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General Orthopaedics


Current Concepts in Joint Replacement (CCJR) – Spring 2015


Acetabular component malalignment remains the single greatest root cause for revision THA with malposition of at least ½ of all acetabular components placed using conventional methods. The use of local anatomical landmarks has repeatedly proven to be unreliable due to individual variation of these structures. As a result, the use of such landmarks without knowledge of their three-dimensional orientation may actually be a major cause of component malpositioning. Traditional navigation and robotics can potentially lead to improved component placement but these technologies have not gained widespread use due to the increase in time of use, complexity, and cost of these systems. The alternative of placing the cup in the supine position, even with the use of arthroscopy, has been proven to have an incidence of inaccuracy equal or greater than that in the lateral position.

A smart mechanical instrument system was developed to quickly and easily achieve accurate cup alignment (HipXpert System, Surgical Planning Associates, Boston, MA). The system is based on a low dose, low cost CT study and a customised patient-specific surgery plan. The laterally-based system docks on a patient-specific basis with 3 legs: one through the incision behind the posterior rim, one percutaneously on the lateral side of the ASIS, and a third percutaneously on the surface of the ilium. A direction indicator on the top of the instrument points in the desired cup orientation. The anteriorly-based system also docks on a patient-specific basis with one leg on the anterior ischium and one leg on each ASIS, either to skin or to bone.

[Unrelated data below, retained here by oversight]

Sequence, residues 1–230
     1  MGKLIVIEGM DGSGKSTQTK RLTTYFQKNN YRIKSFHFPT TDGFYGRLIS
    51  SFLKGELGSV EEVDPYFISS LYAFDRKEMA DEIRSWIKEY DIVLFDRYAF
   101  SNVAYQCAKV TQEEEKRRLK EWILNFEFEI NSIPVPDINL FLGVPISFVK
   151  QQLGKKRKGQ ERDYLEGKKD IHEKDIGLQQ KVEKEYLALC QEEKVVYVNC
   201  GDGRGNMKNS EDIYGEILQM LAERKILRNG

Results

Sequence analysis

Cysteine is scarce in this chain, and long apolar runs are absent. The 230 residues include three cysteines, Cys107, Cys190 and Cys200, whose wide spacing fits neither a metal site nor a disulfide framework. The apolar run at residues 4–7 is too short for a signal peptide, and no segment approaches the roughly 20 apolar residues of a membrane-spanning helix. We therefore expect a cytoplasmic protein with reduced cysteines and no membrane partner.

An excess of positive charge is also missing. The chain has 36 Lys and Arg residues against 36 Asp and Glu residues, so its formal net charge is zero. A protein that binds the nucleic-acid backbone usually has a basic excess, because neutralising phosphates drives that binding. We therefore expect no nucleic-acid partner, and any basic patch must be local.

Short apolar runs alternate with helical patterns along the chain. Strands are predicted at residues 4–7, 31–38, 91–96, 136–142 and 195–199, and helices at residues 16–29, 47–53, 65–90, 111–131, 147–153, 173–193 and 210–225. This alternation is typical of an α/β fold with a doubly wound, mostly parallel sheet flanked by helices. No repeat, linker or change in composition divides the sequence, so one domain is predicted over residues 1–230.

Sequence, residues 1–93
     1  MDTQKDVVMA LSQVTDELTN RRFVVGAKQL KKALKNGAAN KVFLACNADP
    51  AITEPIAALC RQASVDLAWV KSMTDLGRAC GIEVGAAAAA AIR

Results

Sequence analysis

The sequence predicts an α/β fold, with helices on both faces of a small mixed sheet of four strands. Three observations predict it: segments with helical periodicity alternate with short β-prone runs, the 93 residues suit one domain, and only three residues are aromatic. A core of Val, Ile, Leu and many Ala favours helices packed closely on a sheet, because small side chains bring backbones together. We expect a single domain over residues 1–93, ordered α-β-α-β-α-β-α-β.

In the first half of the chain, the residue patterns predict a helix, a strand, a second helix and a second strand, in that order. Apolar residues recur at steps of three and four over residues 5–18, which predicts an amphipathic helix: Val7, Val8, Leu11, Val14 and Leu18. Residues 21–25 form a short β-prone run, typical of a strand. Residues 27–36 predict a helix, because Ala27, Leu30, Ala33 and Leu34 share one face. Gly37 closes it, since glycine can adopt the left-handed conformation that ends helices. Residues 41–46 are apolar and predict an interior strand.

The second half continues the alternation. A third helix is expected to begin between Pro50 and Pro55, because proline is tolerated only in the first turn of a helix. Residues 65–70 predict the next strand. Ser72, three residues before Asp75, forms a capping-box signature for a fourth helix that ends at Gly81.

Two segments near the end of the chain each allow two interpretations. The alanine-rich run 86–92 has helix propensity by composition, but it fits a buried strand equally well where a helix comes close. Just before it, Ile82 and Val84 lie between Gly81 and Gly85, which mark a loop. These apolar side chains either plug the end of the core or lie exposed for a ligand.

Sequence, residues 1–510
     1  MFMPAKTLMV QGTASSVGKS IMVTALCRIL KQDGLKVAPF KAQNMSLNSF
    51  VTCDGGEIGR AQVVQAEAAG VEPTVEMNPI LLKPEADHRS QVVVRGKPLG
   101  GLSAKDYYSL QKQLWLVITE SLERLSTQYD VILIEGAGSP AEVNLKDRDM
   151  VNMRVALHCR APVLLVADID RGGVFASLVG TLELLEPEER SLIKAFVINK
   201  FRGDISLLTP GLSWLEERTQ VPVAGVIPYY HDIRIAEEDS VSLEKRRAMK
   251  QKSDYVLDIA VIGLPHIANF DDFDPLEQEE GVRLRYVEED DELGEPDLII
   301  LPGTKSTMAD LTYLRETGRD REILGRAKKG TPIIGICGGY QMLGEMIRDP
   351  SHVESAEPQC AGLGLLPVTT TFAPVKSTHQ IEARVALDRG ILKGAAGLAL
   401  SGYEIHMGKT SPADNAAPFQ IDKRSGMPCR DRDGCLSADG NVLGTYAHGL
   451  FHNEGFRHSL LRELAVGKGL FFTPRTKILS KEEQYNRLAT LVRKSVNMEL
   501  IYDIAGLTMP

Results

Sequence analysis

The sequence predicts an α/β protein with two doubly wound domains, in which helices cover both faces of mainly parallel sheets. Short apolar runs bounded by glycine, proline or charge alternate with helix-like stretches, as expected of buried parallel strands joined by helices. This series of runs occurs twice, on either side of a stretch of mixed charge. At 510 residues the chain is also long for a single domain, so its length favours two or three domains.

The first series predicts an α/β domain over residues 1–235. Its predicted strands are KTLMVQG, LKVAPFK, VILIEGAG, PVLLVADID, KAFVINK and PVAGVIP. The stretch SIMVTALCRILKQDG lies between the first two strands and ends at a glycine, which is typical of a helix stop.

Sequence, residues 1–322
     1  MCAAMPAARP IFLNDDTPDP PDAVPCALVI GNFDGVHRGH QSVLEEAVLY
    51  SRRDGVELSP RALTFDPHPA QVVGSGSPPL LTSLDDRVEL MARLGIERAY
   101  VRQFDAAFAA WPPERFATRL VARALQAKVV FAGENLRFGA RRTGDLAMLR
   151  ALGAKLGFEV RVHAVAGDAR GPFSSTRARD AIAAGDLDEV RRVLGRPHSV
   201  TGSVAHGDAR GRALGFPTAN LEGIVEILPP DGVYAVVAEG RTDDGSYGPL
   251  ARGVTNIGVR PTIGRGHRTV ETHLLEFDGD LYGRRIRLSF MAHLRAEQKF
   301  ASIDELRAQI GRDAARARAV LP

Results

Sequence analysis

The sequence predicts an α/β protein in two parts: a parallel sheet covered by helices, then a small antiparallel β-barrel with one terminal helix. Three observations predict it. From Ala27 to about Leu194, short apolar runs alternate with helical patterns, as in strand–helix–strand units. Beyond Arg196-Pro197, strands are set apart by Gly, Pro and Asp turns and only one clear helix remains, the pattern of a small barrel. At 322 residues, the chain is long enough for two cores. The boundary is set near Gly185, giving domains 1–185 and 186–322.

The lateral system has been proven to be robust, with repeated studies showing accurate cup placement in 100% of cases and an independent study showing accurate cup placement in 98% of cases for both anteversion and inclination. This compares to a recent study of robotic methods with 88% for inclination and 84% for anteversion.

Smart mechanical navigation of cup placement offers the optimum combination of accuracy, speed, and simplicity for solving the ubiquitous problem of acetabular component malorientation.